The Sacred Universe
Earth, Spirituality, and Religion in the Twenty-first Century
Columbia University Press, $22.95, 200 pp.
Stories help us survive. They offer resonance, motivation, and sometimes redemption. Thomas Berry, the late Passionist priest and cultural historian who died in June at the age of ninety-four, believed that no story was more important to our universal human heritage than the “universe story,” which, he said, “is now needed as our sacred story.”
Berry’s philosophical reflections on human life and culture were oriented by the conviction that “the universe itself is the comprehensive mode of existence—everything exists in relationship to the universe.” Influenced by the work of Teilhard de Chardin, Berry believed not only that science and religion are compatible, but that the insights of the former expand the horizons of the latter. Instead of the title “theologian,” he preferred “geologian” or “Earth scholar.”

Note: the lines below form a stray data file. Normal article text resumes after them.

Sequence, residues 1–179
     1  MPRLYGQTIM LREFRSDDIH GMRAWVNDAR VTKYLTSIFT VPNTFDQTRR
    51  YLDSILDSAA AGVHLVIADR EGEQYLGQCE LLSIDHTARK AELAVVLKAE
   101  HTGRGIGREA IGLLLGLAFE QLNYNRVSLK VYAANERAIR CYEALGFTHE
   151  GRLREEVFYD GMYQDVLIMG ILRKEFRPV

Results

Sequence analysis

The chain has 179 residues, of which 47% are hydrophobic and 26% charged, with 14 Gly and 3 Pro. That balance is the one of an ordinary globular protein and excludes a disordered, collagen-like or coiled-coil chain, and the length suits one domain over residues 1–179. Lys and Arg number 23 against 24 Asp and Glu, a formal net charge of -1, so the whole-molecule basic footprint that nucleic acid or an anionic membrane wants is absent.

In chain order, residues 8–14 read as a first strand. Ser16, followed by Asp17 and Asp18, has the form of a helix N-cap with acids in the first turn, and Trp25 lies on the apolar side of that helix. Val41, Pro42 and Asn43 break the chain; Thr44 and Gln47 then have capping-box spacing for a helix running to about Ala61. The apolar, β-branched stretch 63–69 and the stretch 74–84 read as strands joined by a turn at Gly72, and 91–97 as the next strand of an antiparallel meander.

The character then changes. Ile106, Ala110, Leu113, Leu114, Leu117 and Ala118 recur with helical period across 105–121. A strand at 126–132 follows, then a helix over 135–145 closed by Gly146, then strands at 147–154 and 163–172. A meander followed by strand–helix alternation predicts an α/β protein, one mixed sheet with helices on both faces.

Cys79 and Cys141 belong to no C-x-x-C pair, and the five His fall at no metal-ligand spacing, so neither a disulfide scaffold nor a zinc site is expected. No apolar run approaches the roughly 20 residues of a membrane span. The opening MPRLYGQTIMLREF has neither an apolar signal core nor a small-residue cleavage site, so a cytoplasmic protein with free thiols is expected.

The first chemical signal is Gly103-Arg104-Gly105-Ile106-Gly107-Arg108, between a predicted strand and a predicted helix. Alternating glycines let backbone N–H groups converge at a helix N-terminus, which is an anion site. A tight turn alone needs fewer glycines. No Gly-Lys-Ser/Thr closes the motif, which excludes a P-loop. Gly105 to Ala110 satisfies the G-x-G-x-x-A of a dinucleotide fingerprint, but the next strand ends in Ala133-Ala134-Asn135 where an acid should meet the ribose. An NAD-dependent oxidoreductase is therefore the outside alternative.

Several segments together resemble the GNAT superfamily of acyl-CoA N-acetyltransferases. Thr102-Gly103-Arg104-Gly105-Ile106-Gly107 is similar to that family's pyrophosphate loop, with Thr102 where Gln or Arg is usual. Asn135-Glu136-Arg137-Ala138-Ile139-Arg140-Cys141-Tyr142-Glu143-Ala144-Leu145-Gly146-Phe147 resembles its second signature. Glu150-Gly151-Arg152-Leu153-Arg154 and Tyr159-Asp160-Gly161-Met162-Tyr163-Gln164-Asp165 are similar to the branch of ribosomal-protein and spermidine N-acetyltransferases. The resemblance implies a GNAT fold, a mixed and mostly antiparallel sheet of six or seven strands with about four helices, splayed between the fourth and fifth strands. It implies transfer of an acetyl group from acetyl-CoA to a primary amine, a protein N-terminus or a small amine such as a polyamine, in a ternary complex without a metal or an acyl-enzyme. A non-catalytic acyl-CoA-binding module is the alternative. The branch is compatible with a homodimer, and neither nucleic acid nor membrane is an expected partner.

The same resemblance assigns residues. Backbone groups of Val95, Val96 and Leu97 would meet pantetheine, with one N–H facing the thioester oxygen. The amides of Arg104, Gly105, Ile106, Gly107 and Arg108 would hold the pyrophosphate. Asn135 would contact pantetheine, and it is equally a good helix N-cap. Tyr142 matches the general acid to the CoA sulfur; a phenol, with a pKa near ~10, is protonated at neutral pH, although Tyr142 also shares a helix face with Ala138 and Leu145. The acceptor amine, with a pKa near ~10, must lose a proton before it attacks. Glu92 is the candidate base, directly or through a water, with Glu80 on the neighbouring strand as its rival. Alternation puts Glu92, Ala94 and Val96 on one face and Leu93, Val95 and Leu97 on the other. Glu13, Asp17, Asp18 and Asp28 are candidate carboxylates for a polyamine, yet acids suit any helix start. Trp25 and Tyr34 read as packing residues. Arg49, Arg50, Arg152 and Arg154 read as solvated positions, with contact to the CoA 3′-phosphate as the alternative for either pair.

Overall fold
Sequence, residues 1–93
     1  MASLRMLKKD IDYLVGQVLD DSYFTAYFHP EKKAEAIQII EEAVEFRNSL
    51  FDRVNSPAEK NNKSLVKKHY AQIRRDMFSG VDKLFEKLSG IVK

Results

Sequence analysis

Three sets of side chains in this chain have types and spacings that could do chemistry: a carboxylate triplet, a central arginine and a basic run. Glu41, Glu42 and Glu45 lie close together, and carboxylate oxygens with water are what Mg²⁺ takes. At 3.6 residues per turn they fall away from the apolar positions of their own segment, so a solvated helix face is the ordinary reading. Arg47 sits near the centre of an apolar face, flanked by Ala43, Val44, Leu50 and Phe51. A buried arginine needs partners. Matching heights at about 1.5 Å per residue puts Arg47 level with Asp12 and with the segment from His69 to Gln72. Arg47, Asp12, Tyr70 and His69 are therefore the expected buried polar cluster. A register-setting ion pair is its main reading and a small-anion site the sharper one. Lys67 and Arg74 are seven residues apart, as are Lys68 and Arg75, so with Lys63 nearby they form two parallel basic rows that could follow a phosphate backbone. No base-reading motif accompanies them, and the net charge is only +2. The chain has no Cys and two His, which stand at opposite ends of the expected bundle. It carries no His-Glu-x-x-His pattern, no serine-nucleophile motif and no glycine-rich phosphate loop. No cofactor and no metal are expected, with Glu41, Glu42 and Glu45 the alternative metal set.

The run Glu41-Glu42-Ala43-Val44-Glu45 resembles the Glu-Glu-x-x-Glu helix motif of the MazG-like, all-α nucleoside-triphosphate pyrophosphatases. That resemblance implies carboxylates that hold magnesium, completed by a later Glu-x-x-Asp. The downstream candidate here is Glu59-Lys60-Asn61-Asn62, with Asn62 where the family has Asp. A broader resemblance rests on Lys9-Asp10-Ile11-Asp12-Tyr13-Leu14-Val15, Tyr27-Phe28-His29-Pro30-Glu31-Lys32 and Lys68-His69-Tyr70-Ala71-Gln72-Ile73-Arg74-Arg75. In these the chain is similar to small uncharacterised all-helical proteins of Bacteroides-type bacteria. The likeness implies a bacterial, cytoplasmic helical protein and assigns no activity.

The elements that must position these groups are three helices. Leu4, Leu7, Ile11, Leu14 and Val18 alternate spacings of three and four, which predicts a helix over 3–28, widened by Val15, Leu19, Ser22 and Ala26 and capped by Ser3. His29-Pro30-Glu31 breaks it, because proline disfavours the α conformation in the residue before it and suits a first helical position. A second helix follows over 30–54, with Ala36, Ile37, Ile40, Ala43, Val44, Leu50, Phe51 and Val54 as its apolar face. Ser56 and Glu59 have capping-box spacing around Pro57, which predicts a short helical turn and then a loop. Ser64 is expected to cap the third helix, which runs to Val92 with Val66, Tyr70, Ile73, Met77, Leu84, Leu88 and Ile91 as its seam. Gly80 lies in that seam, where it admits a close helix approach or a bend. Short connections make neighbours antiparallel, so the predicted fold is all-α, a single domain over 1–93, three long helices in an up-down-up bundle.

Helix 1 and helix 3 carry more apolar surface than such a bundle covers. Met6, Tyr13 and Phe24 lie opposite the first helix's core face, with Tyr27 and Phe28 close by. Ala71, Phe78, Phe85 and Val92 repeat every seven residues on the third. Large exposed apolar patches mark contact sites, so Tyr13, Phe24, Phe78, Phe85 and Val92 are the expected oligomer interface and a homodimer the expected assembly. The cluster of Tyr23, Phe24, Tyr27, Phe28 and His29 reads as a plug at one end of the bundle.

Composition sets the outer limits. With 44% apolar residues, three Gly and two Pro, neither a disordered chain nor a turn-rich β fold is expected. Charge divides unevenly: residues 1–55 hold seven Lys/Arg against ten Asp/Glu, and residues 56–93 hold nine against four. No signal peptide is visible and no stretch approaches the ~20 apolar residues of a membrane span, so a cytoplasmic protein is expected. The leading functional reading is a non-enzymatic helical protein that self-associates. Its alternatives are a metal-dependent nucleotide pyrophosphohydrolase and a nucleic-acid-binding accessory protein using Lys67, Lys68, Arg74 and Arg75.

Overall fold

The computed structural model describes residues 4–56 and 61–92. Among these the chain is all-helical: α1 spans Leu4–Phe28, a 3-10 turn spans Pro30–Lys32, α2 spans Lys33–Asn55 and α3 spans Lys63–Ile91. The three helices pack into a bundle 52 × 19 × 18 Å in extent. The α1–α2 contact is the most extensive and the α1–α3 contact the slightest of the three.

Berry was an early proponent of the view that the environmental crisis is also, fundamentally, a spiritual crisis. He held humans—and our value systems—responsible for the degradation of the environment as well as its potential remediation. He insisted on the profound interdependence of members of the “earth community” and believed that the “restoration of [a] sense of the natural world as a divine manifestation has special urgency because of the devastation that we are presently causing to the natural world.”
The Sacred Universe collects essays...
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About the Author
Christiana Z. Peppard is a PhD candidate in religious studies at Yale University and scholar in residence at the Cathedral Church of St. John the Divine in New York City.